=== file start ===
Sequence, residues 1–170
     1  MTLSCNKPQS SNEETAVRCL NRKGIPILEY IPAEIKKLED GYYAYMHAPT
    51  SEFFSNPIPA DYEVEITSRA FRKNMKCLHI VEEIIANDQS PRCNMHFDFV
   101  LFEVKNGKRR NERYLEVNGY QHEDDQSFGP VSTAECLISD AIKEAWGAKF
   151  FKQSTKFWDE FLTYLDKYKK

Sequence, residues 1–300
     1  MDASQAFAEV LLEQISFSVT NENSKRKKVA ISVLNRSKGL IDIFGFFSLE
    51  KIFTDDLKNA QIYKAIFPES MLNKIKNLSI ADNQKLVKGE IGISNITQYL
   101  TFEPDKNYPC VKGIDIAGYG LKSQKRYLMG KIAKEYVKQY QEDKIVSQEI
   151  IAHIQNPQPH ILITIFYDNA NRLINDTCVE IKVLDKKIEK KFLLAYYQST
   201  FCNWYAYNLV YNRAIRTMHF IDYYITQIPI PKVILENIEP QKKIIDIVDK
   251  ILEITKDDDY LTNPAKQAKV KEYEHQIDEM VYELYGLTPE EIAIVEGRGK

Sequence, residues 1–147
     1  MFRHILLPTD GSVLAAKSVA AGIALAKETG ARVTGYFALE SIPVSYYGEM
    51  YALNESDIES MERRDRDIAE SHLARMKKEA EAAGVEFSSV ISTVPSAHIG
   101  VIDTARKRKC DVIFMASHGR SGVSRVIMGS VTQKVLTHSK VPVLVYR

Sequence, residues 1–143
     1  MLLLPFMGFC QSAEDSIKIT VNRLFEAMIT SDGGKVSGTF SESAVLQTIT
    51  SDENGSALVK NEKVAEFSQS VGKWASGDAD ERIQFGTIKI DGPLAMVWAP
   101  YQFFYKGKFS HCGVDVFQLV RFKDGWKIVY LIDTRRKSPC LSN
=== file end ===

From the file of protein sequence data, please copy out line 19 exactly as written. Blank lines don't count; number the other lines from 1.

    51  SDENGSALVK NEKVAEFSQS VGKWASGDAD ERIQFGTIKI DGPLAMVWAP